Here we have a reporter in the foreground with various officers and sergeants further back. The reporter is there as one player didn’t want a combative role and was happy to send reports back from the column.

I also bought some cavalry as players can be cavalry or mounted infantry officers.

Finally the above need someone to spoil their day.

A selection of the chaps that poor Lieutenant Trapper is evidently about to meet, for what is probably an exceedingly short time.

Enemy Spotted…Battalion Will Form Square!

Now for the other side of the coin.

The Dervish

Before we go any further I suppose I should say why the Soudan and not Zulu or any other colonial game.

I suppose it was down to choice of forces with regards to the Zulu War. Basically the Impi..that’s it…..with a handful of rifles. North West Frontier and the Khyber pass, great selection of troop types but it is rather hilly in that neck of the woods and that would mean a rather large set of terrain, yeah I know they have valleys and the like, but the pass without the hills is just not the Khyber pass – if that makes sense.

The Boer War has never really interested me. Now the Boxer Rebellion, I was really interested in that conflict, however, at the time Pendraken wasn’t doing the Boxer Rebellion. Yeah I know there are other manufacturers out there but I like the Pendraken stuff and there I stayed.

I loved the four feathers from when I was a kid. Both the 1939 and the 1978 one. I haven’t seen the 2002 version.

My late father used to quote Kipling at times:

So ’ere ’s to you, Fuzzy-Wuzzy, at your ’ome in the Soudan;

 You ’re a pore benighted ’eathen but a first-class fightin’ man;

An’ ’ere ’s to you, Fuzzy-Wuzzy, with your ’ayrick ’ead of ’air—

You big black boundin’ beggar—for you broke a British square!

And let’s not forget…

The sand of the desert is sodden red,

Red with the wreck of the square that broke,

The Gatling’s jammed and the colonel’s dead,

And the regiment blind with the dust and smoke.

We all know they didn’t have a Gatling gun with them but a Gardner gun, which incidentally scans perfectly in the poem!

Anyway enough of the waffle…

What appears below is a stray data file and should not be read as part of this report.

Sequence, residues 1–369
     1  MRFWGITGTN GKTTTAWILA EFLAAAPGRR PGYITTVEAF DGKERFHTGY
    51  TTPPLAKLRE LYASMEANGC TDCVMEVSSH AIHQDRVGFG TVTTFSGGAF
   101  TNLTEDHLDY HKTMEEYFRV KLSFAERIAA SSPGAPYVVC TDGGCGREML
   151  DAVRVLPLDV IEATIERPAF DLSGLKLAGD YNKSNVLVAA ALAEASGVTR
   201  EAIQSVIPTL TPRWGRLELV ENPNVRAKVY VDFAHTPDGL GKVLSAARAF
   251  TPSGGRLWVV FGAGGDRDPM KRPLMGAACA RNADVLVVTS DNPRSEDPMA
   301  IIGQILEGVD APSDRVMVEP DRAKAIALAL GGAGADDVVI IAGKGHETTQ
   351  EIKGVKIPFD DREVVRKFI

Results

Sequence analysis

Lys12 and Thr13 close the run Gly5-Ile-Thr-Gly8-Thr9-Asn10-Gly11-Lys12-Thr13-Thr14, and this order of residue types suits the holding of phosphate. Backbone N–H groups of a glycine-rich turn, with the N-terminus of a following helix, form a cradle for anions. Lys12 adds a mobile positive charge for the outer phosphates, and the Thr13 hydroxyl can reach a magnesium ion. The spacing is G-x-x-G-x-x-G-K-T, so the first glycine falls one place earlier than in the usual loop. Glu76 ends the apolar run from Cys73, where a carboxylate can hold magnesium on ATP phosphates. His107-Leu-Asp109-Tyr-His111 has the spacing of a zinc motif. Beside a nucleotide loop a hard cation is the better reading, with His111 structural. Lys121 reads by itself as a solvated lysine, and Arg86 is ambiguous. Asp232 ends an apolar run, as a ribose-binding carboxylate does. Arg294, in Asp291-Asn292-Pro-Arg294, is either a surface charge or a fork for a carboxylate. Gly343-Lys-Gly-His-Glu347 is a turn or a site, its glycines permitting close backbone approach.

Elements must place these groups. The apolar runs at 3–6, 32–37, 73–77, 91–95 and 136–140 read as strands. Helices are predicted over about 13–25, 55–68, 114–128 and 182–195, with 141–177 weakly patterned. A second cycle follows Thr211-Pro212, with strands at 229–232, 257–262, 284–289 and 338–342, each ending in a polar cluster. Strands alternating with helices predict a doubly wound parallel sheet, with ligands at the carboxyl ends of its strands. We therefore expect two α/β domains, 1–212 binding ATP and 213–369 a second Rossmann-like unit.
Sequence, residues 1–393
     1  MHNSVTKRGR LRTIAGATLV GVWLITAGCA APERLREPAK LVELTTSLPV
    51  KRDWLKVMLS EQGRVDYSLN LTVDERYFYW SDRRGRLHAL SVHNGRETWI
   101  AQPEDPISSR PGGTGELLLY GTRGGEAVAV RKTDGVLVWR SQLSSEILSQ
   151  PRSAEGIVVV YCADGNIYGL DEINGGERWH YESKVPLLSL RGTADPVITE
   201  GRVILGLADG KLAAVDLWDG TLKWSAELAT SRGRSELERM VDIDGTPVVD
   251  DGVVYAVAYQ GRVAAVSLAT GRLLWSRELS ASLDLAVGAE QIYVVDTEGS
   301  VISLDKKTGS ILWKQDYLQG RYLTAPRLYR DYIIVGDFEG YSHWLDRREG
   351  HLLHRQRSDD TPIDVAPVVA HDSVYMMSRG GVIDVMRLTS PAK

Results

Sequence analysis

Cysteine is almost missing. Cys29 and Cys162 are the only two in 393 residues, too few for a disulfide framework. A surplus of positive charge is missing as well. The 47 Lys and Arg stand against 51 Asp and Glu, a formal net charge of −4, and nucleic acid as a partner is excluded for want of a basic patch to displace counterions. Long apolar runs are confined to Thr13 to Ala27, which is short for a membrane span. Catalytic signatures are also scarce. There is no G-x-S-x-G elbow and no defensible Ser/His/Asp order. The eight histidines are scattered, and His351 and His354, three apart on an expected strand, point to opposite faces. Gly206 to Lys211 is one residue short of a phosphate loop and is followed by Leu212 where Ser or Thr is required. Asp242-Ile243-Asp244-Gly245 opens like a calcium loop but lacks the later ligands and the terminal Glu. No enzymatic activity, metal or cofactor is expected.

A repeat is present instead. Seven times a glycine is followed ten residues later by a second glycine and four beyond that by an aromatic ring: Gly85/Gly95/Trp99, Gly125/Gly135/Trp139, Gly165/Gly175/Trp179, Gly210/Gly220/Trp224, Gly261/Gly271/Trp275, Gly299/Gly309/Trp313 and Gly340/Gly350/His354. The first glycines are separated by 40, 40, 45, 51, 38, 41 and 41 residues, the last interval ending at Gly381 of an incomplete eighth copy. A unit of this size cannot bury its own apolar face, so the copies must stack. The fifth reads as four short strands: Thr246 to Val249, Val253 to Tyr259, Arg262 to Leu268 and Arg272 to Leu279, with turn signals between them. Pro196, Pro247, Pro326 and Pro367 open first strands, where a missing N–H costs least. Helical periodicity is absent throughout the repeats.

First up the mounted troops

Once again these are a mix of Sudanese forces and those from the North West Frontier. I added the latter to add a bit of variety to the force.

Next the camelry

Beja on the right and river Arabs on the left.

Command bases.

From my reading a lot of the Emir’s rode into battle and had a pretty high casualty rate as it was obvious who was in charge.

Now for the infantry

Beja first and river Arabs second

To be honest though they look better from my perspective:

Maybe not better, but at least more colourful😉

Rifles next:

And of course the captured artillery

Oh and the Museum piece

This was a GW empire cannon from the Warmaster range. I gave it a crew and it fitted in well as an archaic weapon.

Finally I decided to make the Mahdi himself.

This is what my Dervish force looks like in full

I really do like the Pendraken range for both sides of this conflict.

Further into the Sudan

Tonight I took some more photos of the Anglo Egyptian forces.

The infantry are quite numerous and only a selection have been shown here and the previous post.

first up the mounted troops.

Mounted infantry to the left with both the mounted and dismounted troops

And the hussars… before they realised the lance was preferable to the sabre when some sneaky chap lies down to hamstring your horse as it hurtles past.

Not to mention the obligatory spare figures to act as scouts and messengers.

Next up the Egyptian troops.

First some repurposed WW1 Askari that were already painted. These are my Sudanese. In the earlier campaigns they were dressed as Egyptian infantry. This way they are obvious on the table.

Next some Egyptian infantry

And finally some Bashi Bazouks – actually ACW zouaves. I ordered these and painted them before I found Pendraken actually did Some proper figures.

Next are some civilians with their camels.

Royal Artillery with some large ordinance and a Gatling gun…they decided to leave the mountain guns behind.

Some cuirassiers who wouldn’t have looked out of place in the Middle Age. Baker’s force had a unit of these, but armed with sabres and not spears. I use these for either side as required.

And finally for this evening….